Heal Your Church WebSite


Teaching, rebuking, correcting & training in righteous web design.

Pew Internet and American Life Project: Daily Internet Activities

Friday fun, or mandatory reading? You be the judge. For me, it is a little of both. I’m reading two recently updated tables of common internet usage and activities by the good people at the Pew Internet and American Life Project (PIP). Both have information that could be useful in convincing others at your church that your web site should be more than just a pretty brochure, or worse, attempt to emulate TV or movies.

First is the results for “Daily Internet Activities,” which is a a chart detailing the percentage of Internet Users who do a specific online activity on any given day. Notice that 59% of the population gets online, everyday. Primarily to exchange email. Followed by obtaining news, an activity followed by using a search engine.

Second is a chart entitled “Internet Activities” which deals with percentage of actual Internet Users (those who go online) who have ever done a particular online activity. Again the top three activities don’t change, but the fourth and fifth activities that follow are very interesting to those of us maintaining church and/or charity web sites. Researching a product or service before buying it and searching for a map or driving directions.

So what does this tell us? Here is how I interpret the results:

  • Make sure your web host allows you to establish and maintain numerous listserves (automated mailing lists). Make sure the listserves are well supported with a user friendly/idiot-proof user interface. Teach those individuals who would use them, pastors and lay staff, how to keep their listserves maintained.
  • The content on your web site must be presented in a fashion that is search-engine friendly. This includes simple things such as your <title> tags including not only the name, but the city and state/province of your church (e.g. Redland Baptsit Church Rockville MD or Redland Baptist Church Montgomery County Maryland). Another simple thing would be running a string of text links of major sections along the bottom of your site. A bit more complex, it is equally important that you have user friendly URLs. All these things add up to good search engine placement.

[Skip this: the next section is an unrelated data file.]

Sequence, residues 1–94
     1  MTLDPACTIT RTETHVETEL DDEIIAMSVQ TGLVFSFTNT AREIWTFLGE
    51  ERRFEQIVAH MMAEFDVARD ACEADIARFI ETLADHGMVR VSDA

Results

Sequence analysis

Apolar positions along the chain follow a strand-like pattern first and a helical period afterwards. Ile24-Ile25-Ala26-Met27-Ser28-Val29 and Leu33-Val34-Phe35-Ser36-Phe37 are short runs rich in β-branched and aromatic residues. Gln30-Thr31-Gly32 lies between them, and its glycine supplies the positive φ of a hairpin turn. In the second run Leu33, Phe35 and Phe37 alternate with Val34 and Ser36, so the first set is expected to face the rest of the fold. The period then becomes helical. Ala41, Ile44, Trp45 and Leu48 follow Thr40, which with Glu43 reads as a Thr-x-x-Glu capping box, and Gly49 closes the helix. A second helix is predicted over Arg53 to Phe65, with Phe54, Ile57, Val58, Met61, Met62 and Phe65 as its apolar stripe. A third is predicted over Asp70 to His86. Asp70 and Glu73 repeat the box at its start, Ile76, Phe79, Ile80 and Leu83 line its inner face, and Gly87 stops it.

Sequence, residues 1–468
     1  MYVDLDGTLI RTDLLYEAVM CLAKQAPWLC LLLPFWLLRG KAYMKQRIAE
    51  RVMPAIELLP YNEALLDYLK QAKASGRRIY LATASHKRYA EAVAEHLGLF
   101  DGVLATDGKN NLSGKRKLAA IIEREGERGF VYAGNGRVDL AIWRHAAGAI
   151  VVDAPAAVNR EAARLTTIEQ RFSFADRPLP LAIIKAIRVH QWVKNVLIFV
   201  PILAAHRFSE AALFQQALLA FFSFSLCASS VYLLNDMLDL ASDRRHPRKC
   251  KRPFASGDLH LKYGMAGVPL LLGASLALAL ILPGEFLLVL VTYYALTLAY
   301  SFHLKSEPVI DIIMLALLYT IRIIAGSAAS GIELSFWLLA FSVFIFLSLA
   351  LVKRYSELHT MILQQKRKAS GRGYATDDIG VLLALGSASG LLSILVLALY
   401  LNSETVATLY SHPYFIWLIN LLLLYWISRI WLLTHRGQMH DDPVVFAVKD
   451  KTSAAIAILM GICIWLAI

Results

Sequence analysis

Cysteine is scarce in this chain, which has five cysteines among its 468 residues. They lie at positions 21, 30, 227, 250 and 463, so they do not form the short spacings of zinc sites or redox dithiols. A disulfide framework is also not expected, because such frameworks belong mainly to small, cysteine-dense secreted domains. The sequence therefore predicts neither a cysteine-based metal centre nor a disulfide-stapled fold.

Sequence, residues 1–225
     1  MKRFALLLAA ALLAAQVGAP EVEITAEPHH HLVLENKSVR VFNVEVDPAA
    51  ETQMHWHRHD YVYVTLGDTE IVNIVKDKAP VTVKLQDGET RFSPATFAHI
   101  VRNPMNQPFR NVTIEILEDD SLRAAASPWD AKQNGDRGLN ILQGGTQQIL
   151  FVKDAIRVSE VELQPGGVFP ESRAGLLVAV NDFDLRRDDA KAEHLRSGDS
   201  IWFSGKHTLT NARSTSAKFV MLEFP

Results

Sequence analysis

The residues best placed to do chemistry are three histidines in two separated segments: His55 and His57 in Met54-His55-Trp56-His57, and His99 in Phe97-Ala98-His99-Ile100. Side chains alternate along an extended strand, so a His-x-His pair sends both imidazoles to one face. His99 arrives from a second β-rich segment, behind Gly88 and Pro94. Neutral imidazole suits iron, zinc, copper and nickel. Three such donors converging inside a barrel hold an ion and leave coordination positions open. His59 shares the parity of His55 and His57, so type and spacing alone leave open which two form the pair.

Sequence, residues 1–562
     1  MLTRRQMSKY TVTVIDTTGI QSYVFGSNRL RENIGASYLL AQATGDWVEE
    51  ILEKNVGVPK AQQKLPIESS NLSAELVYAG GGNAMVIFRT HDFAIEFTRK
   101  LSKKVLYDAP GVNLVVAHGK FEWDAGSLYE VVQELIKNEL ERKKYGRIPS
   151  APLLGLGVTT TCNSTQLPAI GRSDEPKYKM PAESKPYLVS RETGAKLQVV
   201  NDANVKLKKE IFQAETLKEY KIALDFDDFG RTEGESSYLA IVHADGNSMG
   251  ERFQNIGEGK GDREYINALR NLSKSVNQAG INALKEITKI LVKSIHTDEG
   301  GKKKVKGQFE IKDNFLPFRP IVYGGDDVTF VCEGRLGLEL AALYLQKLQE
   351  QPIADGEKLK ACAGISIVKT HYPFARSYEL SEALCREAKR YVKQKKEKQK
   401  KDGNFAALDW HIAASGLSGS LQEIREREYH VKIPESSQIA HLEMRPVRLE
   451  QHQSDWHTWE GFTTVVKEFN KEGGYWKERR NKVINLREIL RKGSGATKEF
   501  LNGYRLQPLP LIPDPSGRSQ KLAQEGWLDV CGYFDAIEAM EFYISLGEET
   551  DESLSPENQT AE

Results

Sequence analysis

• Because it there is a good chance someone visiting your church may first visit your church web site, make sure you have easy-to-find, easy-to-read, easy-to-print information of how to get to your church. It may also useful to include the times of the services on such a page as I would think someone would print the info out the night before.
  • Provide maps, or at least links to maps and driving directions.
  • Conspicious contact information.
  • Sermons, devotionals and other documents that convey what it is you believe.
  • And something I just thought of, perhaps provide a page on where to go when you get there, such as Sunday school maps and/or what to expect in the sanctuary (e.g. dress, children, etc).

Of course, it goes without saying that all of the above need to be presented in a fashion that conveys the purpose and personality of your church.

At least that’s the way I read the data. So what did you get out of these tables? Leave a comment, and don’t be afraid to disagree.

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